Today is approximately the 20th anniversary of the death of my father. Seems odd to think he has been dead for two decades. But the thought gave me a spur to write something about the man and what he was to my life.
To state the case simply life with my dad was not an easy haul. Not easy because he was a difficult man in many respects. Very talented and very smart and very different from me. I was much more like my mother, which wasn’t always a good thing. But this screed is not about her.
He was a temperamental guy, given to huge rages at the drop of a hat. My brother and I have often referred to the fact that while other kids in the neighborhood delighted at the arrival of ‘Daddy’ home from work; we by-and-large dreaded his arrival because we feared we would be in shit from some transgression or other. That wasn’t old Ward Cleaver or Andy Taylor parking the car in the driveway.
Now, he was a bright man and extraordinarily successful considering he was only a high school grad. Due to his perspicacity and recognition of his considerable talents by those higher up he evolved in the world of technical academia and by the time of his retirement had become a community college dean. Pretty darn admirable and his success showed his dedication to hard work. Of course when I was a young kid I did not recognize those aspects of him, I only was left with a brooding resentment of a guy who seemed for the most part to be a bit of a prick.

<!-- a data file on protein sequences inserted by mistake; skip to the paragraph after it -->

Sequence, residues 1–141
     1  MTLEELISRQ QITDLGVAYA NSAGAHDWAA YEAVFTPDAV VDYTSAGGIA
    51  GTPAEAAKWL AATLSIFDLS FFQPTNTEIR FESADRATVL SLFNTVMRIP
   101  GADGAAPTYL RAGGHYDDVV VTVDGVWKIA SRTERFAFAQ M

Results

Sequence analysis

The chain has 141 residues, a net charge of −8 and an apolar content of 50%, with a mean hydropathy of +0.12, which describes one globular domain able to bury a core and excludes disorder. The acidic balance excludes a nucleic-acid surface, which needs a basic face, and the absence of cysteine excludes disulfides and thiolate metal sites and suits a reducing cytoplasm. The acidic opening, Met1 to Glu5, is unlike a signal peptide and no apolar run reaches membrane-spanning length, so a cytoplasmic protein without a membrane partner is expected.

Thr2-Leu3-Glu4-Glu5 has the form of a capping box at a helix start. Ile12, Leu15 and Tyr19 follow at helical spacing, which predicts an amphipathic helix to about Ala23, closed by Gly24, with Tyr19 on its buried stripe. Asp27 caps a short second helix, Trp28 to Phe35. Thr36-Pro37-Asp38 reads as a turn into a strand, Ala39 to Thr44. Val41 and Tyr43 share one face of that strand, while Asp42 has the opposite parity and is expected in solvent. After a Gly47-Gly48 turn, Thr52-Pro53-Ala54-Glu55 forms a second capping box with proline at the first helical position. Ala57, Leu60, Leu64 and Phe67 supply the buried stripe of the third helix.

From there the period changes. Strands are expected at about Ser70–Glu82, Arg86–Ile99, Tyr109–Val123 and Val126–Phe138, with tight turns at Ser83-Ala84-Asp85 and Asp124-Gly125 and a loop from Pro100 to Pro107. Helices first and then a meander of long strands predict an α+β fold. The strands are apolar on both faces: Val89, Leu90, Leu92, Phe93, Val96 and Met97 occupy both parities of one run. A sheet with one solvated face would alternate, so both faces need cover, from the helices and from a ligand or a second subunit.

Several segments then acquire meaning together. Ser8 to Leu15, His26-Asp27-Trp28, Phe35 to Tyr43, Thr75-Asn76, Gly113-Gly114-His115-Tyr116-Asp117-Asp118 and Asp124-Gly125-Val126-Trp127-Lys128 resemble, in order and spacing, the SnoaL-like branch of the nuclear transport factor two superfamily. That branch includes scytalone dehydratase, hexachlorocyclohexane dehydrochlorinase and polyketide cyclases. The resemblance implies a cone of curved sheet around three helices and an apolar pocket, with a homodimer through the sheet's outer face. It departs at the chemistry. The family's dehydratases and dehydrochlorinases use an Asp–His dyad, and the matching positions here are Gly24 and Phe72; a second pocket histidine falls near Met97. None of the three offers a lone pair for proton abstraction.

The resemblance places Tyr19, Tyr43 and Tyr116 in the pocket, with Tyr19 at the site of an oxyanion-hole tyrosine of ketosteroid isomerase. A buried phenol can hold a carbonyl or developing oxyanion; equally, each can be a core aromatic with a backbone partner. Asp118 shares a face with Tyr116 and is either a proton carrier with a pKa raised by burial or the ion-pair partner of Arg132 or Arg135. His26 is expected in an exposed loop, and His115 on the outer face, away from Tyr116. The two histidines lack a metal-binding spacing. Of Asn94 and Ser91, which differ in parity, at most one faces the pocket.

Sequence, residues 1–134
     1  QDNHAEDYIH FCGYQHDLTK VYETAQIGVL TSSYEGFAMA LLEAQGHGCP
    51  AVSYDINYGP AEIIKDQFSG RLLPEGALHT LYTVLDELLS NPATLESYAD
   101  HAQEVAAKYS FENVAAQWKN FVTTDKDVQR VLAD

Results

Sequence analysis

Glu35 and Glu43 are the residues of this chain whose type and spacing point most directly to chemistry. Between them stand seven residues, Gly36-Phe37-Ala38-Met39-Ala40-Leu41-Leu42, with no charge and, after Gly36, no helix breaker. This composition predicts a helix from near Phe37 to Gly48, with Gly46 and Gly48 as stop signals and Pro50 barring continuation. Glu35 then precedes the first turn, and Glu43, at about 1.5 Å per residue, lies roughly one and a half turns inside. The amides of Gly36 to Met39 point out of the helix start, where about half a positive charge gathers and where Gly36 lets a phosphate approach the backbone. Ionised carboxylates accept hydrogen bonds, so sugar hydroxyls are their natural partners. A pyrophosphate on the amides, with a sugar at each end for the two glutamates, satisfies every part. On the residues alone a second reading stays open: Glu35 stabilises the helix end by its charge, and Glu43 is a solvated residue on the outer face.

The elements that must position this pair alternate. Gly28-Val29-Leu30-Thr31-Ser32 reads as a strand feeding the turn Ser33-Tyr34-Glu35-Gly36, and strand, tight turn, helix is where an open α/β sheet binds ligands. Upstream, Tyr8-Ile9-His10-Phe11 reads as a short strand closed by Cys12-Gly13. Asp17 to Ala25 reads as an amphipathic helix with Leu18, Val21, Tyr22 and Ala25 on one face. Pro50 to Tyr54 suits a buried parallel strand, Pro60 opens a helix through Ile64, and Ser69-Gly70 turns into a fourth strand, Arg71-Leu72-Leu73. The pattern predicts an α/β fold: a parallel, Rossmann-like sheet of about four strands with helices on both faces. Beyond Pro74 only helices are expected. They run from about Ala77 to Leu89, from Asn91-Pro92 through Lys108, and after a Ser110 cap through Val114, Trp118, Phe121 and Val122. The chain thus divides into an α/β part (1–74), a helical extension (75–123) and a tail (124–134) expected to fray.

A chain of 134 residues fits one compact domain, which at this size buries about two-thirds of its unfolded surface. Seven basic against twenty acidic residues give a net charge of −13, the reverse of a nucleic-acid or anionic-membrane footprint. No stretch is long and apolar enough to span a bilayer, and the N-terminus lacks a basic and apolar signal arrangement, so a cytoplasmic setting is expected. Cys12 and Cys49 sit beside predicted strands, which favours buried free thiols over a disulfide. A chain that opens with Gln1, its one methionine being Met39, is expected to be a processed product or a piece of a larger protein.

While he was all tech and mathematics I was artsy-fartsy and dealt in realms miles from his interests.
As time went on I became less intimidated by his rages and oddly in a way our relationship improved in incremental ways. I never knew if he appreciated what I did, but I came to increasingly appreciate what he did, and to also appreciate his company. Ironically, after his death, my Aunt Freda (Dad’s beloved baby sister) told me that the old bastard had clipped and saved every newspaper column I had written. “If only he had told me that,” I said to her, “it would have meant so much to me.” But, alas, telling me would not have been who he was. In retrospect I kind of respect that.
There is more, much more, but on this the two-decade anniversary of his death all I can say is that every day I miss you a little more, you cranky old bugger.